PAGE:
Deciding To Apply
As you did with your undergraduate planning, it is of utmost importance to evaluate your qualifications against the statistics of each program on your potential list of target schools. There is ample information about GPA’s, standardized test score ranges, academic or employment prerequisites, internships, research experience, rankings, etc. to give you a clear picture of the programs of interest.
Just as you probably did as a prospective undergraduate, you will establish a list of schools consisting of “stretch” choices, along with those departments to which you are likely to be admitted. Rule of thumb: If your credentials place you in the bottom third (or lower) of admitted students, it is a “stretch” school. On the other hand, if you are at or above the mean credential level of admitted students, your chances for admission increase.
We at Entablature recommend that you peruse the many graduate school guides that populate most major bookstores. There you will find most of the information that you’ll need to make some good decisions about applying. More importantly, however, are the suggestions by professors who know you well. They will be penning your recommendations, and are not likely to recommend a program that they know to be inappropriate for you.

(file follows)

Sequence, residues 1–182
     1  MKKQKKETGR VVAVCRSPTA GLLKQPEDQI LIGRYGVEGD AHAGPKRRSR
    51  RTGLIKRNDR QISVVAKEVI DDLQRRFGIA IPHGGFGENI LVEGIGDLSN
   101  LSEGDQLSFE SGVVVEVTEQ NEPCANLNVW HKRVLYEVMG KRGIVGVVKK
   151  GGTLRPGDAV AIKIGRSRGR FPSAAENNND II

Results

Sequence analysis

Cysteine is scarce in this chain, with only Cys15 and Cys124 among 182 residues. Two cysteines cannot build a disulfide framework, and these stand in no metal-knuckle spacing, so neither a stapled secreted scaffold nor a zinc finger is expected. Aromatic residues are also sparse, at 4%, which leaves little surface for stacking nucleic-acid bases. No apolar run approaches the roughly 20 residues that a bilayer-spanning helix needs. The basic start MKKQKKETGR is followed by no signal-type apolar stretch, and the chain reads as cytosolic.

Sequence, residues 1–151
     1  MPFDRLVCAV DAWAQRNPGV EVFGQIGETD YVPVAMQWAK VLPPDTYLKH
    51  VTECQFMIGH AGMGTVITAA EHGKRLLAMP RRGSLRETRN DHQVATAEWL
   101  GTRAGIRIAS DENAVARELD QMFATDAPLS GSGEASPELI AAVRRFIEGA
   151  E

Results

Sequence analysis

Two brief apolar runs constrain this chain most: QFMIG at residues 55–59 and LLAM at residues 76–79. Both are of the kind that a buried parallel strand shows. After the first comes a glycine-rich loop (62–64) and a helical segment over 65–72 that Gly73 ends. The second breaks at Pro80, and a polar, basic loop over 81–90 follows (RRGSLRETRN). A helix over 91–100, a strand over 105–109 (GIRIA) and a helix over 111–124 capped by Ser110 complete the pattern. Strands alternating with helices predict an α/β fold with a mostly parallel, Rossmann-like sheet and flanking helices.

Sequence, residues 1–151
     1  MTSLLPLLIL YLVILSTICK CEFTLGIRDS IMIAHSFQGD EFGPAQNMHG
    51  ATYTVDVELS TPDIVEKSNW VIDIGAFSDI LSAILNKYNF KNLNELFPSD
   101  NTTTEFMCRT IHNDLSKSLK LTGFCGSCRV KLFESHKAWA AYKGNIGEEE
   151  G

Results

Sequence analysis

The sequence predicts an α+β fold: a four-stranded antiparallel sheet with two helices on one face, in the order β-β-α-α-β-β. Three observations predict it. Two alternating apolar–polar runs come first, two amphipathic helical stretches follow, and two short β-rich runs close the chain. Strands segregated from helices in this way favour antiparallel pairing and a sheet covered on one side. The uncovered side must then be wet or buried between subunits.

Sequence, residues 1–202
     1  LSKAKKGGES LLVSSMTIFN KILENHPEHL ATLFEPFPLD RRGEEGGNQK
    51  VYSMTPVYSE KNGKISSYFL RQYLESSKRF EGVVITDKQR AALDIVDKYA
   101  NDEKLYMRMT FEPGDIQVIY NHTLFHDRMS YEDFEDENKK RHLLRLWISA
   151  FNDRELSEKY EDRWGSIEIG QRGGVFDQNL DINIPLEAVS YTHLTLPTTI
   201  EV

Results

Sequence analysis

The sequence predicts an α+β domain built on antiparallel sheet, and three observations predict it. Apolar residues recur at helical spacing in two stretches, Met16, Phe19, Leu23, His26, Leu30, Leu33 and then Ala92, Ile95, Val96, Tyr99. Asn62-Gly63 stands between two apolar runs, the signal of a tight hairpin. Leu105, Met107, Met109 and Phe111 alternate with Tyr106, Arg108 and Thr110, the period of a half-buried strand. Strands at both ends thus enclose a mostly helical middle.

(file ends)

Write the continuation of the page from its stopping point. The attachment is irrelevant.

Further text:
But the best thing that you can do is visit as many departments as possible. Talk to students, administrators and professors when you are there: The more the better. You will glean as much from what you are told as you will discern between the lines. Both classes of information are crucial because together you have a good sense of the departments.
In today’s world, we at Entablature believe that ten schools is an ample number for a student who has carefully undertaken everything that we have discussed thus far.